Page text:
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|10/8: White House Sends Congress Plans for Immigration Enforcement
Released 23 November 2017  By Laura Meckler – Wall Street Journal
White House Sends Congress Plans for Immigration Enforcement
Document calls for funding sufficient to ‘complete construction’ of southern border wall, move to detain asylum applicants
Laura Meckler – Wall Street Journal
October 8, 2017
WASHINGTON—The White House sent Congress an expansive set of principles that would sharply increase immigration enforcement at the border and inside the U.S. and significantly cut the number of new legal arrivals, demanding a high price for legislation under consideration to help “Dreamers.”
The documents arrive as lawmakers begin an emotional and contentious debate over whether to legalize young people brought to the U.S. illegally as children, often called Dreamers. These young migrants will lose work permits and protection from deportation starting in March under a six-month phaseout ordered by President Donald Trump.
The White House documents, sent to congressional leaders in both parties on Sunday, amount to a lengthy wish list of longstanding conservative immigration goals. White House officials told reporters that they want these to be included in any immigration deal, but stopped short of saying the White House will insist on them.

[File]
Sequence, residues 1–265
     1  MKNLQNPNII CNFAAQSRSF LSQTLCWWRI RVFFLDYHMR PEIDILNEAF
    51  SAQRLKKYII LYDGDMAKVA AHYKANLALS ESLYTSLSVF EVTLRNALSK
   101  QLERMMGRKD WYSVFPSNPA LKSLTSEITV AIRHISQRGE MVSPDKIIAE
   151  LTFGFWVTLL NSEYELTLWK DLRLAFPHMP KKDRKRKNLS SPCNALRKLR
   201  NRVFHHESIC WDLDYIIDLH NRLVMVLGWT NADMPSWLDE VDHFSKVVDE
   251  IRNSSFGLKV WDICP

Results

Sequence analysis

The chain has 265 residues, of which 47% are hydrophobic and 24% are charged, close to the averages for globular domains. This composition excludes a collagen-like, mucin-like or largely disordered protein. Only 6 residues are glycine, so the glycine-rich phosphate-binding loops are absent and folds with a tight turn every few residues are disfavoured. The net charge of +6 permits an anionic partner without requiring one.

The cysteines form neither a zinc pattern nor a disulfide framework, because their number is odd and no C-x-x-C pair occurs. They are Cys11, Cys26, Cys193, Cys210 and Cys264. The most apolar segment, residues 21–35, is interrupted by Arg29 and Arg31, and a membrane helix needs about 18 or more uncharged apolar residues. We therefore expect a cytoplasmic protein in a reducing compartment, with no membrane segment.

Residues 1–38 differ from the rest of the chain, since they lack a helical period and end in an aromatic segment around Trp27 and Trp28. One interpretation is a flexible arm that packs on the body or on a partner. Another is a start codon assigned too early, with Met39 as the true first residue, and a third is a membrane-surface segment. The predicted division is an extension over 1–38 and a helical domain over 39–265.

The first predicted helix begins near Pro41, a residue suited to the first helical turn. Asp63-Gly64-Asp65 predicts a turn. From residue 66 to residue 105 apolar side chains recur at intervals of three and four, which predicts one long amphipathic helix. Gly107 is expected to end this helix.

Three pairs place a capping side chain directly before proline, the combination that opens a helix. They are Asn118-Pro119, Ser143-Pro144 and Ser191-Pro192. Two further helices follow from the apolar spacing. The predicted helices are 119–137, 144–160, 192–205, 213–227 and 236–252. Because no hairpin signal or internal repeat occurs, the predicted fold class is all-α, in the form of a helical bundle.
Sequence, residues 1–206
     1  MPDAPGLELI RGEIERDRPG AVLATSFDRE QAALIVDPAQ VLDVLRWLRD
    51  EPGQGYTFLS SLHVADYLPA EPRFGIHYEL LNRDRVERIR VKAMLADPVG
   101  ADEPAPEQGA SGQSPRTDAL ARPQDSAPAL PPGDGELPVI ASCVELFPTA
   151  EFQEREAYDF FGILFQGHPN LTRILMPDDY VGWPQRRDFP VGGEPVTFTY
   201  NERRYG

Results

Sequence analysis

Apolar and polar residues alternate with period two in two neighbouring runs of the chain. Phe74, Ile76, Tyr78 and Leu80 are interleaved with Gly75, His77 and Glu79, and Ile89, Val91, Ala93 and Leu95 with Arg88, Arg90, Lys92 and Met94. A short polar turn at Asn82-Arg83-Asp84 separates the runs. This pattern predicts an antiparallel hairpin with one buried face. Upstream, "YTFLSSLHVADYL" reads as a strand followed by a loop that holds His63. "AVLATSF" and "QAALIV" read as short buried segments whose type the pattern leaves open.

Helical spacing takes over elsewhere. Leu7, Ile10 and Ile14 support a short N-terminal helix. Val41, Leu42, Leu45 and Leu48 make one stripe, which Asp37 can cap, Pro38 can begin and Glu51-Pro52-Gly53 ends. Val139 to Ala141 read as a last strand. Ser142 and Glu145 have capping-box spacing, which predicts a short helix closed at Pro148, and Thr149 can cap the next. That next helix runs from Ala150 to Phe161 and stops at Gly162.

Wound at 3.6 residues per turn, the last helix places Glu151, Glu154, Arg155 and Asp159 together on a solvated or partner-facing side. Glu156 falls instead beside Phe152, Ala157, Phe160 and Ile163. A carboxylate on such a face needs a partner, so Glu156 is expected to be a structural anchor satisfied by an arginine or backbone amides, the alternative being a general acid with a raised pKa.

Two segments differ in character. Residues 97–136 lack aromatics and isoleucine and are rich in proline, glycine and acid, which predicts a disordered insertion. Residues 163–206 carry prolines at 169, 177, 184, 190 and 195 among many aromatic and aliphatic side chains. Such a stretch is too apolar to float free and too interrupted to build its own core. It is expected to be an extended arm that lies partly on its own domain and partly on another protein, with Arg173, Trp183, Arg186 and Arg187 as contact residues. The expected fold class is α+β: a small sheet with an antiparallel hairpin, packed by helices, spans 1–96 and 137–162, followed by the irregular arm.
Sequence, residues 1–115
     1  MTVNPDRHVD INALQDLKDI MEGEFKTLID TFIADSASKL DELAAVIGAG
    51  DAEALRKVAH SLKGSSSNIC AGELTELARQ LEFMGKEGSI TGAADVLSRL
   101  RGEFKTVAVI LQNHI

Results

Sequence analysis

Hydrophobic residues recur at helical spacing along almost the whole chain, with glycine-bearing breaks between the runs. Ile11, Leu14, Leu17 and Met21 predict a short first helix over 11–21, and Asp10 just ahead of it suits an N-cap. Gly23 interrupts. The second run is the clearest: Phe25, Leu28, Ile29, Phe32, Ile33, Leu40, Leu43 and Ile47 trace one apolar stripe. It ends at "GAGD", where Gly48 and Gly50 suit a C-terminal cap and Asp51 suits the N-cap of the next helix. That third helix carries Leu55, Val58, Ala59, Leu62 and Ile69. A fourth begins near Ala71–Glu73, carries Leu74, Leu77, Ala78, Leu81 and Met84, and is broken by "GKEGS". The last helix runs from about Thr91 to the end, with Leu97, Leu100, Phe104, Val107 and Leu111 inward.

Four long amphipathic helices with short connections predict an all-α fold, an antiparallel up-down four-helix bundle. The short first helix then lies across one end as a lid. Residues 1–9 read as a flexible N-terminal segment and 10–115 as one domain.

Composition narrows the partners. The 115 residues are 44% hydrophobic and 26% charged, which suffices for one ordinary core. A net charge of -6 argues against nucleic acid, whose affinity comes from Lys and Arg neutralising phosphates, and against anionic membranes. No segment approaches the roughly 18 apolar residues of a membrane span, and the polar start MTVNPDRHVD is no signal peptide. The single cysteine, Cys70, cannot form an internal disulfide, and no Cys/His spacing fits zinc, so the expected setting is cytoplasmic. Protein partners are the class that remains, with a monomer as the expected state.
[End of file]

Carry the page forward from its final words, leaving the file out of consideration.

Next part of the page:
“Without these reforms, illegal immigration and chain migration, which severely and unfairly burden American workers and taxpayers, will continue without end,” Mr. Trump said in a letter to congressional leaders that outlined some 70 separate principles.
Many of these measures are nonstarters for Democrats and some Republicans and insisting on them could put the congressional effort to legalize the young immigrants into jeopardy. A White House official said the president isn’t issuing any veto threats but declined to detail which of the ideas were the highest priority, saying the administration didn’t care to negotiate with itself.
Among the principles is a call for funding sufficient to “complete construction” of a Southern border wall. The White House wants to end legal protections for unaccompanied minors who arrive without authorization and allow them to wait inside the country while their cases are considered. The administration also wants to make it harder for people to qualify for asylum and detain asylum applicants while their cases are being considered. In most cases applicants currently are allowed to live freely inside the U.S. during what can be a lengthy wait for a decision on their status.
The document also calls for punishing jurisdictions that don’t cooperate with federal immigration enforcement—so-called “sanctuary cities”—by withholding federal grant money. And it wants Congress to mandate the use of E-Verify by employers to check the immigration status of prospective workers. The system is currently voluntary.
The principles also lay out changes to the legal immigration system that Mr. Trump has already endorsed, including large cuts to green cards issued for family members and shifting existing employment-based green cards to a skills-based system.